Which way will poverty go?

By: Mahar Mangahas - @inquirerdotnet - Columnist/Philippine Daily Inquirer | May 27,2023 - 07:45 AM

In 2023Q1, the national percentage of Self-Rated Poor households was 51, unchanged from 2022Q4. Last year, it had been 43 in Q1, 48 in Q2, and 49 in Q3. The halt in the rise of general poverty in Q1 this year is a relief.

The new percentage of Self-Rated Food-Poor households is 39, a statistically significant 5 points up from 34 in 2022Q4. (This is poverty in terms of food-quality, not food-quantity.) Food-poverty steadily grew last year, from 31 percent in 2022Q1; the 8-point rise in the past four quarters is even more significant.

Incidentally, the new food-poverty percentage is higher in Metro Manila (33) than in Balance Luzon (31). It is 45 in the Visayas and 52 in Mindanao.

On the other hand, the national Hunger rate improved to 9.8 percent from 11.8 percent. This is the proportion of households that suffered hunger at least once in the past three months, due to lack of food. Moderate Hunger (households that suffered only once or a few times) improved to 8.6 from 9.5, and Severe Hunger (those that suffered often or always) improved to 1.2 from 2.3.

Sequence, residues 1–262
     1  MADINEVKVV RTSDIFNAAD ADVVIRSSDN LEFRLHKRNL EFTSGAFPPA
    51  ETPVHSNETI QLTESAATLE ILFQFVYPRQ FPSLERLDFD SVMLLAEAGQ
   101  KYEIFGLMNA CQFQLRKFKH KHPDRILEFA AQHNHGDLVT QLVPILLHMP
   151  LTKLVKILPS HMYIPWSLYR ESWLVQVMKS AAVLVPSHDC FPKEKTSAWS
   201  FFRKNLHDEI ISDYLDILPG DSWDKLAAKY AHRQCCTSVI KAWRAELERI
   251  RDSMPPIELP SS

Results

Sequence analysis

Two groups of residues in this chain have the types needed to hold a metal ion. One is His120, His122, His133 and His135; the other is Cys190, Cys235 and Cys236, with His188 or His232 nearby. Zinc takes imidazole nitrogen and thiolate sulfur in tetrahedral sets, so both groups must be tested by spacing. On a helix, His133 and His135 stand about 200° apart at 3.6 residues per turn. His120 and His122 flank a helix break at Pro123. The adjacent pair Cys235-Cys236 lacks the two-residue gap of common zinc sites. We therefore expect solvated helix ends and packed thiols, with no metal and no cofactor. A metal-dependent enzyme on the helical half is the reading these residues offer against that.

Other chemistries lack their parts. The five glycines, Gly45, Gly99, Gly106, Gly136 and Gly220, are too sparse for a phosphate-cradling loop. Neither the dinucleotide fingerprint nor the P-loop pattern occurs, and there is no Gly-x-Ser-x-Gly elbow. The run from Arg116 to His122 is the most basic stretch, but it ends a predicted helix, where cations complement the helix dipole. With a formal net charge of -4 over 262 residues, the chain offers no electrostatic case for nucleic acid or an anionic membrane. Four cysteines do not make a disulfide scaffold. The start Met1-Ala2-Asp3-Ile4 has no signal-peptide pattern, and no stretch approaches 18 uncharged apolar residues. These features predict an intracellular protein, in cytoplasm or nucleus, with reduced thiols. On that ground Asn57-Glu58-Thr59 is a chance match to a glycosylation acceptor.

The reason that Hunger can improve over time, while Poverty is steady and Food-Poverty worsens, is because the hunger proportion among the poor and among the food-poor can change from quarter to quarter. In any single quarter, however, it is always worse among the poor than among the non-poor. There is always some hunger among the non-poor also. Comparing 2023Q1 to 2022Q4, the hunger percentage among the non-food-poor fell substantially to 4.2 from 11.8, but among the food-poor it worsened slightly to 18.5 from 17.7. Incidentally, Metro Manila (10.7) now has the second-highest hunger percentage, after Mindanao (11.7). Its residents are obviously disadvantaged by their relative incapacity to grow their own food—Social Weather Stations (SWS) has data on this also. Hunger rates elsewhere are 9.7 in Visayas and 8.7 in Balance Luzon. All the numbers cited here are in the report, “Hunger recovers from 11.8% to 9.8%, but still not fully back to pre-COVID-19 levels” (www.sws.org.ph, 5/11/23), without need for further computation.